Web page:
100 years of history at Custom House

Ceremony notes historic building's role in Baltimore

December 04, 2007|By Katy O'Donnell | Katy O'Donnell,SUN REPORTER

A small crowd gathered yesterday morning below blue and green maritime-themed murals in the airy but stately Call Room, a two-story pavilion in the center wing of the U.S. Custom House in Baltimore, to celebrate the building's centennial.

The event, hosted by the U.S. General Services Administration and Barbara Shelton, the GSA regional administrator, brought several local and national government officials to speak about the importance of the national historic landmark and its contribution to Baltimore's port industry over the past 100 years.

Even before it was added to the National Register of Historic Places in 1972, the Custom House was recognized as a particularly beautiful and significant building. After prominent Washington architects Joseph Hornblower and John Rush Marshall secured the commission in a Treasury Department competition in 1900, they laid the cornerstone in 1903 before a crowd of several hundred. After setbacks posed by the Great Fire of 1904, which ravaged much its northwest corner, the Custom House opened in 1907 to rave reviews.

"The result achieved by the intelligent cooperation of architect and artist," declared American Architect and Building News in 1908, "stamps Baltimore's new Custom House as among the most successful public buildings erected in this country."

Until the 1930s, the Call Room - where murals depicting 125 ships throughout history rise to an impressive 63-foot-by-30-foot maritime mural - served as the central location for customs officials to collect paperwork and duties from those shipping cargo into Baltimore. Shipping lines still occasionally send agents to the Custom House to handle various fees and paperwork, but most of the business done in the Call Room is now conducted by phone or computer.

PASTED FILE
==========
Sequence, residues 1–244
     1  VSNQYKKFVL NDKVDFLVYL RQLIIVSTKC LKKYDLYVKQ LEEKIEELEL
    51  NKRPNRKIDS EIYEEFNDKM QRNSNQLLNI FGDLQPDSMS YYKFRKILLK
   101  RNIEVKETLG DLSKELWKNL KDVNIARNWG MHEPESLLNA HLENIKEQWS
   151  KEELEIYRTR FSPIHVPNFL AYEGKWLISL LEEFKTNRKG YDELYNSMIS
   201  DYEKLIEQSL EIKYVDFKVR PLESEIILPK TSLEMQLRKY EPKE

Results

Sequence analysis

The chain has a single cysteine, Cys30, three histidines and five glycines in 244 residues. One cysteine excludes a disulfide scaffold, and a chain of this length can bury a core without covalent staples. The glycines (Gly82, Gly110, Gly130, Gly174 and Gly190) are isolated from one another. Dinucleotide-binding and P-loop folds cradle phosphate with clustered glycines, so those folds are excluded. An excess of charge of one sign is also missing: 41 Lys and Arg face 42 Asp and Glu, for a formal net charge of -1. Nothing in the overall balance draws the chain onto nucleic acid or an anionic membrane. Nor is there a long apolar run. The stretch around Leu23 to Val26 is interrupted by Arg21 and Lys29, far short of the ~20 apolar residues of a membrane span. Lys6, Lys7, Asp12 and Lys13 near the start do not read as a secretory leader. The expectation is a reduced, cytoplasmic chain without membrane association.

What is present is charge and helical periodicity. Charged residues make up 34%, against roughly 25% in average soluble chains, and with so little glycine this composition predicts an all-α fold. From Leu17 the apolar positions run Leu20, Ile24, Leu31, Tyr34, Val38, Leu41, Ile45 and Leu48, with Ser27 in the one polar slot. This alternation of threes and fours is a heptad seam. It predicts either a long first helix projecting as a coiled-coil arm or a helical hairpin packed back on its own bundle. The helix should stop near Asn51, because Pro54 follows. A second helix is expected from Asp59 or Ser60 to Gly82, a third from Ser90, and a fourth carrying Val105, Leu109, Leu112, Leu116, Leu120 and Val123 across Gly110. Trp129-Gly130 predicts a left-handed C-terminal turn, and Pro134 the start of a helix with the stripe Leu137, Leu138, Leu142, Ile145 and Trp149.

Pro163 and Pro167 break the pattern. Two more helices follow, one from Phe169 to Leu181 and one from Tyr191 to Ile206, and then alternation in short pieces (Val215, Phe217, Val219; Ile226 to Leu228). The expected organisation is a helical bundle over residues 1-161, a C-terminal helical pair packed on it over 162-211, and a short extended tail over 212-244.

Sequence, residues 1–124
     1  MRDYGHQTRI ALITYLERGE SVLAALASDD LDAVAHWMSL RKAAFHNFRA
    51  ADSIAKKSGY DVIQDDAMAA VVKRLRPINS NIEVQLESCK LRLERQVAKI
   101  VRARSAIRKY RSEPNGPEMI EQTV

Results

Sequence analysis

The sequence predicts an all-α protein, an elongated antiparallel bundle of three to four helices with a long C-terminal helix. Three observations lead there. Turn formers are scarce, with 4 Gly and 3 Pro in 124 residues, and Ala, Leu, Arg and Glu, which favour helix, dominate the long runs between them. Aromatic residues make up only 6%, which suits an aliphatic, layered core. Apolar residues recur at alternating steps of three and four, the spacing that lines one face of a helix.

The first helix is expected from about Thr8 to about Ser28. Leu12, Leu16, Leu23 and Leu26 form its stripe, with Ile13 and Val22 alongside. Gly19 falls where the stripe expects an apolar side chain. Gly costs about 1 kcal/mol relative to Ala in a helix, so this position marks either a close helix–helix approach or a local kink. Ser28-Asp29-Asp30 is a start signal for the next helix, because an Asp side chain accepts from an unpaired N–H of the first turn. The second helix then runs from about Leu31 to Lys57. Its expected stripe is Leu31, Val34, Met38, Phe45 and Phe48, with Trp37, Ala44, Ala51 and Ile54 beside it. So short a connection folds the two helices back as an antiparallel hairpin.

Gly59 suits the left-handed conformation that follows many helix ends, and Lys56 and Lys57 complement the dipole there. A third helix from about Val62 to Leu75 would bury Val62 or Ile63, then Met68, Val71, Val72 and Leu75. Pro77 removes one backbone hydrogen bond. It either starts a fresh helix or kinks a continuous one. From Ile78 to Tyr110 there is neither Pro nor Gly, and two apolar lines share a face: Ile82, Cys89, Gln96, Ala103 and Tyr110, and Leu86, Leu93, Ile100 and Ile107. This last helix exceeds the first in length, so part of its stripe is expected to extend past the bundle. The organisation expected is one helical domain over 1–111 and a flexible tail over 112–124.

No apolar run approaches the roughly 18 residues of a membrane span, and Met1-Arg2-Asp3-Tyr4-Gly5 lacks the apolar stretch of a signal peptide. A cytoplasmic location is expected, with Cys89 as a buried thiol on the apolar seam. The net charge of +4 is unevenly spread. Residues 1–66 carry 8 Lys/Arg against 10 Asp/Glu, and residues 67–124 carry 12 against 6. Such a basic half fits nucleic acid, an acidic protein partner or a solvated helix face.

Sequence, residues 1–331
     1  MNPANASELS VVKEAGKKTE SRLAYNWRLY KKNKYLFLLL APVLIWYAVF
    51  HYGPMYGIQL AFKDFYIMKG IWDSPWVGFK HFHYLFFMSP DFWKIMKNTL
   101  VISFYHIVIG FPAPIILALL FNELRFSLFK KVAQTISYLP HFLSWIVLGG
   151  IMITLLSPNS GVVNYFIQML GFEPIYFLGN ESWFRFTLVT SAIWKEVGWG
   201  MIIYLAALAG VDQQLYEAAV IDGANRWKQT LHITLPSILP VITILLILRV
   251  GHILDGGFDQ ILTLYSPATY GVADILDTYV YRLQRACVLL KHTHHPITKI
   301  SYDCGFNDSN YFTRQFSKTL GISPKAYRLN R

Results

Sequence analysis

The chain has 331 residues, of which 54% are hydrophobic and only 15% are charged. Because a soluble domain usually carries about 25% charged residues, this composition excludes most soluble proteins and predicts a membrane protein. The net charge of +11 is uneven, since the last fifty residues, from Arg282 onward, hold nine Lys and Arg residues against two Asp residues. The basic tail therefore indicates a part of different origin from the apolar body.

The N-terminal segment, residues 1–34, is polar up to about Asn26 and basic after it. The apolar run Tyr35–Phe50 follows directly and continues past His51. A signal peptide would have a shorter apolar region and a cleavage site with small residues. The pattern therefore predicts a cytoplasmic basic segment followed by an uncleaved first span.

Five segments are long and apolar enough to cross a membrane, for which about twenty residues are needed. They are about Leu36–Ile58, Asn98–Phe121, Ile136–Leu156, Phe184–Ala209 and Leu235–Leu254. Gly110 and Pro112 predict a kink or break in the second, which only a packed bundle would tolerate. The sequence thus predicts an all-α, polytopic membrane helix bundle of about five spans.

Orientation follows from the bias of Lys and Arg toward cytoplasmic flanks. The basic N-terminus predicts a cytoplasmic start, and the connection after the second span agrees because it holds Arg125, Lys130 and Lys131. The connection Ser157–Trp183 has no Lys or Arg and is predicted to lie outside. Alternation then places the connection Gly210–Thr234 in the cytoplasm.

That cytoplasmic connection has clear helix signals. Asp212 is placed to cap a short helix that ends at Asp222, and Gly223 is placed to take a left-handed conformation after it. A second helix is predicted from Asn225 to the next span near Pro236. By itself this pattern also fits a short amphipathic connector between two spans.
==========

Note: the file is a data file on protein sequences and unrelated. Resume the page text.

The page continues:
But technological advances and a waning shipping industry have not robbed the Custom House of importance, said several of the speakers.

"It talks to us about the history of America and the future of America," said Sen. Benjamin L. Cardin. "Baltimore was, and is, one of the great ports of our nation."

GSA Administrator Lurita Doan discussed the building's aesthetic and historical merits, saying that it houses the "single most beautiful ceiling in all of the properties that GSA holds in our portfolio."

John Breihan, a history professor at Loyola College, recalled the headlines the building made in 1967, when four people entered the building and dumped blood on Secret Service records to protest the draft and the war in Vietnam.

The Call Room has also been featured in several movies, Shelton noted, including Head of State and Live Free or Die Hard.

The building currently houses offices for U.S. Customs and Border Protection, the Coast Guard, the U.S. departments of Homeland Security and Labor, and U.S. Federal Protective Services.

katy.o'donnell@baltsun.com

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